Generally, you can only enroll in a health insurance plan during open enrollment or during a special enrollment period brought about by a qualifying event. Both marriage and divorce are considered qualifying events. Understanding when you are eligible to make changes is key to avoiding high-cost health insurance coverage or paying medical bills on your own.
How Can You Change Your Health Insurance If You Marry?
If your qualifying event is marriage, you can change your health insurance in any of several ways:
- Cancel your coverage if you are now covered by your spouse’s plan.
- Add new dependents to your policy.
- Enroll in a new plan for both you and your spouse.
How Can You Change Your Health Insurance If You Divorce?
If you divorce, legally separate, or have your marriage annulled, you:
- Must remove your former spouse from your health insurance policy.
- May not remove dependents from your policy unless they are covered by your former spouse’s policy.
- May change your coverage if your dependents lost coverage in the separation or divorce.
- May enroll in new coverage if you lost coverage in the divorce or separation.
How Do You Make Health Insurance Changes During a Special Enrollment?
If you are shopping for a health insurance plan on the marketplace and you qualify for special enrollment based on the screening questions, you can obtain a policy or make changes to an existing policy either online or by phone. Be prepared to show documentation to support your eligibility for special enrollment.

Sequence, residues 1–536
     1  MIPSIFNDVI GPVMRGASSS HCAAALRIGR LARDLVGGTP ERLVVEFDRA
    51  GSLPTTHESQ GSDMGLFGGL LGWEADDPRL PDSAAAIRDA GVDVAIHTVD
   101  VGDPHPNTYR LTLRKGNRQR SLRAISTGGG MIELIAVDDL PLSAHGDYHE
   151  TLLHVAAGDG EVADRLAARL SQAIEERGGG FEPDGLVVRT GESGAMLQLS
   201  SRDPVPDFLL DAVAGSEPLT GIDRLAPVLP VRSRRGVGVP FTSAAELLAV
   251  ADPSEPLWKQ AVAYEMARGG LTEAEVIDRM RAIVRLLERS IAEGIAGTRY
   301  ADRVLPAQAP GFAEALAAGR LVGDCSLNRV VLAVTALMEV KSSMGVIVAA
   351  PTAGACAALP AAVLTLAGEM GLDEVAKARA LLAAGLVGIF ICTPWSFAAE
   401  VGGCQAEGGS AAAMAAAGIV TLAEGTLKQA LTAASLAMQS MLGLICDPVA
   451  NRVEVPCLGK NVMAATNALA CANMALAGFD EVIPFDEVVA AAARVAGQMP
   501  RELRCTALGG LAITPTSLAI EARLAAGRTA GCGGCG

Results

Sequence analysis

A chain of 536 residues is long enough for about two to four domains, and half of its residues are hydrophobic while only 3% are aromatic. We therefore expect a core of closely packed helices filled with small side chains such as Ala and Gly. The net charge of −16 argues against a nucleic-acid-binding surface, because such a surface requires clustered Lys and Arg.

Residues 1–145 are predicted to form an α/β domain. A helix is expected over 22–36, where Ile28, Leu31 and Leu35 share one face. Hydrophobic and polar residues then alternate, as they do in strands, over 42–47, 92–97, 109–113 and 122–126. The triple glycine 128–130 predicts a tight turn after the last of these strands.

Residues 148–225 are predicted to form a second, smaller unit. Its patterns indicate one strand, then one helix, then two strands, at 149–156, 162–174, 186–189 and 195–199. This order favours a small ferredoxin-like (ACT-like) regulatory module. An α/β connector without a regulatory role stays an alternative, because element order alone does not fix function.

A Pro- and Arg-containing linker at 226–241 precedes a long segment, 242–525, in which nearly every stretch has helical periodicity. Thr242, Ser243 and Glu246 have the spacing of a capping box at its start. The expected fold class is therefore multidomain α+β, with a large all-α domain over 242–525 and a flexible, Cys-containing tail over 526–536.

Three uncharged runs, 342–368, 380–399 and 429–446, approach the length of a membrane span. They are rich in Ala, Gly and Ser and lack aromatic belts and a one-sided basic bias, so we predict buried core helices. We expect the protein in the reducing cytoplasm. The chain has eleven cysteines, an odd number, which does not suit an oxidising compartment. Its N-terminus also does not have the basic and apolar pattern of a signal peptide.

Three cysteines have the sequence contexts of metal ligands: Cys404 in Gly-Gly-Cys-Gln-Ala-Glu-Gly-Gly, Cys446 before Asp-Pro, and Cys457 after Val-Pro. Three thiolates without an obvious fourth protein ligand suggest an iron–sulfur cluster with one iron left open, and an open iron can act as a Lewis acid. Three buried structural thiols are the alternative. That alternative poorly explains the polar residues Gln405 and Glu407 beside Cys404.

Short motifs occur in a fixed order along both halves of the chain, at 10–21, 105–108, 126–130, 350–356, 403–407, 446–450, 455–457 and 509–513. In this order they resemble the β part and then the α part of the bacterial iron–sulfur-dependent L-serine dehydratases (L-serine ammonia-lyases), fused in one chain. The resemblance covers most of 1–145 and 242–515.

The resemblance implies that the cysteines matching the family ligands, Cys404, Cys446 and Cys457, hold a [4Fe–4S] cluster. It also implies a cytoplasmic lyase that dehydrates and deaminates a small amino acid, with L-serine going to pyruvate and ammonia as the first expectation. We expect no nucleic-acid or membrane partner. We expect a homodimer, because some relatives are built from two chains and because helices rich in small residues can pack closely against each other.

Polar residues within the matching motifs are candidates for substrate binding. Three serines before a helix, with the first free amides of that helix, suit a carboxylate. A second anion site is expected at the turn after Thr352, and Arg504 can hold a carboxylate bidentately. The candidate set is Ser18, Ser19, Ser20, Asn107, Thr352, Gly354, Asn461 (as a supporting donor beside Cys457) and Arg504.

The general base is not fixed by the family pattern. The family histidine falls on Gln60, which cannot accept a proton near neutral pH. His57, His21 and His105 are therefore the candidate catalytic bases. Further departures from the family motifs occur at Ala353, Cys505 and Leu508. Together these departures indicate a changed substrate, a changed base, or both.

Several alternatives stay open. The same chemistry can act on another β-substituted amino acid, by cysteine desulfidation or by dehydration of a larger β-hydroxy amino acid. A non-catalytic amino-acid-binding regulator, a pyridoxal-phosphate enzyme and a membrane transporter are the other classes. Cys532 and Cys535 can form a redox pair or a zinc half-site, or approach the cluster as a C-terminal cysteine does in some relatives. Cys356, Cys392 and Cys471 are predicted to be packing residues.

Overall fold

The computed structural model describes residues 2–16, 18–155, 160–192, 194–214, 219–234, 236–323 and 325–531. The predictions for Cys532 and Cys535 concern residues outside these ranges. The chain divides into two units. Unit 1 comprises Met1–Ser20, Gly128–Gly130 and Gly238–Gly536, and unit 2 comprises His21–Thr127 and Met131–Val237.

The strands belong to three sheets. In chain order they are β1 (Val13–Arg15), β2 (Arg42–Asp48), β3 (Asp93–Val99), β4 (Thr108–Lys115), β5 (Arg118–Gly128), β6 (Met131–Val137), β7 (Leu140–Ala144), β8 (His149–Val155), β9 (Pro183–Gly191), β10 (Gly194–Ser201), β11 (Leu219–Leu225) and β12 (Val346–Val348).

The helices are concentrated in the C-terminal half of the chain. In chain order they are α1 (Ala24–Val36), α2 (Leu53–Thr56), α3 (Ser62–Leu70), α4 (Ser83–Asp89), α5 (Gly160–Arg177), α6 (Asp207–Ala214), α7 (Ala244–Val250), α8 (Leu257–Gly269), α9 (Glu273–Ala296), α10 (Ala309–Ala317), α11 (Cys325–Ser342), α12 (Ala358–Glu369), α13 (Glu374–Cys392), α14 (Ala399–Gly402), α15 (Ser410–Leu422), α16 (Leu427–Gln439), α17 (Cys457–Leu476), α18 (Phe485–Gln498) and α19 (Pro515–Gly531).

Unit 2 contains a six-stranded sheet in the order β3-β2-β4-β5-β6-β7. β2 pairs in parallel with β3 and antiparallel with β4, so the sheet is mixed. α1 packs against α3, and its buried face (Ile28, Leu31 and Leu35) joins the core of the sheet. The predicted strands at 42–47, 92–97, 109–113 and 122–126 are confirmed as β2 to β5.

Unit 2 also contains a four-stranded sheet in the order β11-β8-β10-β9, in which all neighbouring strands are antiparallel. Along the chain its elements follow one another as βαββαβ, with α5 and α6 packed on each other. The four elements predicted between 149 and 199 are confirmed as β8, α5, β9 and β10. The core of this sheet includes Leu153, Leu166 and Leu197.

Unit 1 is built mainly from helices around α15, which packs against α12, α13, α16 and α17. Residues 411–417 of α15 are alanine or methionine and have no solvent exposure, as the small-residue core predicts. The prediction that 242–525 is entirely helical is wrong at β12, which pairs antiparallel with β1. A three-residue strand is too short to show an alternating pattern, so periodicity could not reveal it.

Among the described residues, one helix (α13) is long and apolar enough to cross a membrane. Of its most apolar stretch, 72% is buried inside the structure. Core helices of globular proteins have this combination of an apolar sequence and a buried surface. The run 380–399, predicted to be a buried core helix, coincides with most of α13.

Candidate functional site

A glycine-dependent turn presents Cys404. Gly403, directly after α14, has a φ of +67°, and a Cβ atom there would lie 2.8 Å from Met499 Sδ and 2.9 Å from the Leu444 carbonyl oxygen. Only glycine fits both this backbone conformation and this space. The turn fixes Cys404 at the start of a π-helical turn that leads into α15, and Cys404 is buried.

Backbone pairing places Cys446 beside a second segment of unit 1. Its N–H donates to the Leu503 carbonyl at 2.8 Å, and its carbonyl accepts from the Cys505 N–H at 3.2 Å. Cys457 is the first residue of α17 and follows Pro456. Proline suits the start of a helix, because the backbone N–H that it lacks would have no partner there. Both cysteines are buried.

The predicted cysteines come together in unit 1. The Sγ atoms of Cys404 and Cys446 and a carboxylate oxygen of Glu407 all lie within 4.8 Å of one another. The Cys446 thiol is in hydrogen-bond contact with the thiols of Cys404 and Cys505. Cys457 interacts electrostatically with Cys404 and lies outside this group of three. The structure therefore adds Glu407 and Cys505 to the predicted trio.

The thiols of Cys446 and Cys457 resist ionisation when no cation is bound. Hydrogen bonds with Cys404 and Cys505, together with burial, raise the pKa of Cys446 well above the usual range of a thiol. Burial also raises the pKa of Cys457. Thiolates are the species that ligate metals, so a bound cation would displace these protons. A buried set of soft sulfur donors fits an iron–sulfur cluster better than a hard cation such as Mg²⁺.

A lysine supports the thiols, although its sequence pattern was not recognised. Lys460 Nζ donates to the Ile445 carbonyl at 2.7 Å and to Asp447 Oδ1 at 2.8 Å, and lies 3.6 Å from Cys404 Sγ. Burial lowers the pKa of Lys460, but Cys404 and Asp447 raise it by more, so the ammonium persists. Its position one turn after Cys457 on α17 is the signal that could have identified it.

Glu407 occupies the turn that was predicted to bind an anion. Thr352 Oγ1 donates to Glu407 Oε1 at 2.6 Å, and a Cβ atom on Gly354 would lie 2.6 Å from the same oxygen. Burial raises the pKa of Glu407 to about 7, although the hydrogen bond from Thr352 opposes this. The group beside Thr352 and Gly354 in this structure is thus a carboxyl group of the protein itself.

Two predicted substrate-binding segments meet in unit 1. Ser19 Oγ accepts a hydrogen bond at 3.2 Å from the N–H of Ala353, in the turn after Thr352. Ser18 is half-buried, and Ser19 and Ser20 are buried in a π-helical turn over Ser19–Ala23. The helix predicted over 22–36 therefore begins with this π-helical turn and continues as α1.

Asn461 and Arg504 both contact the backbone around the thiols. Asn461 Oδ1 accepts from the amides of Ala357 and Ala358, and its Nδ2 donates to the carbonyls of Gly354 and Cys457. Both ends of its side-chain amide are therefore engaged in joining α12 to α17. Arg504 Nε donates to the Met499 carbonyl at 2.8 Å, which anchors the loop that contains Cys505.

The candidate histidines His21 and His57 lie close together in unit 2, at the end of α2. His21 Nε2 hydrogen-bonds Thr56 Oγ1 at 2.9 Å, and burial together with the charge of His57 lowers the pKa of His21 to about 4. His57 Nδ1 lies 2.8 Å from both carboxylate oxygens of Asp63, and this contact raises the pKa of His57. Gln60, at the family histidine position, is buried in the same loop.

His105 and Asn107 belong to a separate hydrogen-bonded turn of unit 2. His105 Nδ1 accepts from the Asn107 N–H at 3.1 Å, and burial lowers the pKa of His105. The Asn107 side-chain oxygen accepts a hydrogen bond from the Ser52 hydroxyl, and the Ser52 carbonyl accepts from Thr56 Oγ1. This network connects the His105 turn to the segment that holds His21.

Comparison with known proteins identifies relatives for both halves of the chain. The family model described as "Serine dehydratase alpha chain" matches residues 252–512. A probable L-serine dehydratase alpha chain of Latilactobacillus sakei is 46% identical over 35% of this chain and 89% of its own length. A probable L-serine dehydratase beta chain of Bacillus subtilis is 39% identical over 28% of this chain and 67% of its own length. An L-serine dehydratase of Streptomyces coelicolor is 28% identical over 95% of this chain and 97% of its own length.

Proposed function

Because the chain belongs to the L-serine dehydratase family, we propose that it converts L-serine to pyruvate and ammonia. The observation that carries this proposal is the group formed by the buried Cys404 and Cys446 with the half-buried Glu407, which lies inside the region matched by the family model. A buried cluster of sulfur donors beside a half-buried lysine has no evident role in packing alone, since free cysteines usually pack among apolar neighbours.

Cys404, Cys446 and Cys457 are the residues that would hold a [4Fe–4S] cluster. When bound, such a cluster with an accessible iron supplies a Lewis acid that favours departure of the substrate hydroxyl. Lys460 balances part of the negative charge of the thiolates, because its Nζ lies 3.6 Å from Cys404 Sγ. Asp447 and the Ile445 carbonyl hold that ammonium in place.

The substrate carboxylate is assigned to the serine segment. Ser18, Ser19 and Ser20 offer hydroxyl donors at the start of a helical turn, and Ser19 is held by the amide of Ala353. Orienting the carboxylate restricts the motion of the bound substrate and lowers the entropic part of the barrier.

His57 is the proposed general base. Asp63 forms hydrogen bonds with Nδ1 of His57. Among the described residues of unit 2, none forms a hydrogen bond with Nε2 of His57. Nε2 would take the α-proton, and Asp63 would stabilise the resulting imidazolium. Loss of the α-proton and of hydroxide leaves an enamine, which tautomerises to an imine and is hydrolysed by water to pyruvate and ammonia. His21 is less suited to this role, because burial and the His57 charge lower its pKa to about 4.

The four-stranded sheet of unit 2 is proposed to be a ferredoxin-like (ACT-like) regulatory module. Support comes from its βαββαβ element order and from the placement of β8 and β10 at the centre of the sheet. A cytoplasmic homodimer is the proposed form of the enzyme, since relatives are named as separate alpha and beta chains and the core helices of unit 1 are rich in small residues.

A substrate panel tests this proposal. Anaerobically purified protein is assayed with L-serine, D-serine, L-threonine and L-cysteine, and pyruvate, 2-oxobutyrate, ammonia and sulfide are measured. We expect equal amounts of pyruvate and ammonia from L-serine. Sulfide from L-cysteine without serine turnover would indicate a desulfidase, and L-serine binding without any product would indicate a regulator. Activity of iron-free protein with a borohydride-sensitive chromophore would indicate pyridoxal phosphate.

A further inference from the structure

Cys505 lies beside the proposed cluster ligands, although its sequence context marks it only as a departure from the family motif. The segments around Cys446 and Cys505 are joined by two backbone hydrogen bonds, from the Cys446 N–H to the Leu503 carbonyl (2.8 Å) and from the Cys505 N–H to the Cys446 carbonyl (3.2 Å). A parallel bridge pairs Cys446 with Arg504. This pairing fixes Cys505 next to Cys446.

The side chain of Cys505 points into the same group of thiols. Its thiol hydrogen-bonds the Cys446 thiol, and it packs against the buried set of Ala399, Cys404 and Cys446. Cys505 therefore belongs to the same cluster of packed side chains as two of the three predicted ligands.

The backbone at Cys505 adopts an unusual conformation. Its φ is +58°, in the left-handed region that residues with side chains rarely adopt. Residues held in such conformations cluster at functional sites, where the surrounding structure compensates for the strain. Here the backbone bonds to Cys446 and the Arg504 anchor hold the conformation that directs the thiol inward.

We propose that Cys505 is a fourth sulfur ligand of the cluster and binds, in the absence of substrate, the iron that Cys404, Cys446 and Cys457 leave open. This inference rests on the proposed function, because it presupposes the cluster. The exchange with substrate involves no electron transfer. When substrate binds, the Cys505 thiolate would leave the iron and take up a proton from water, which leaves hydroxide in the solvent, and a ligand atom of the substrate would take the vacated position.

If you have health insurance through your employer, contact the health insurance administrator for your company and tell her or him about your situation. The administration can confirm that you are eligible for special enrollment and help you make the necessary changes. It is likely that you will need to provide proof of the qualifying event, such as a marriage certificate or divorce decree.
Is There a Time Limit for Changing Health Insurance after Marriage or Divorce?
Special enrollment periods have limits, normally 60 days after the triggering event (marriage or divorce) with a marketplace plan and 30 days after the triggering event with a workplace plan.
When Will My Health Insurance Changes Go Into Effect?
In most cases, changes go into effect on the first of the month following the triggering event, or the date you reported the event and sought coverage or changes. However, a cancellation may go into effect on the last day of the month after the triggering event.
Should I Speak with an Agent about My Health Insurance Coverage?
Dealing with health insurance changes after marriage or divorce can be daunting. Although having health insurance is no longer mandated for individuals, it is important to help protect your family’s health.
If you have recently married or dissolved your marriage and have questions about changes to your health insurance, our experienced agency can provide the professional assistance you need.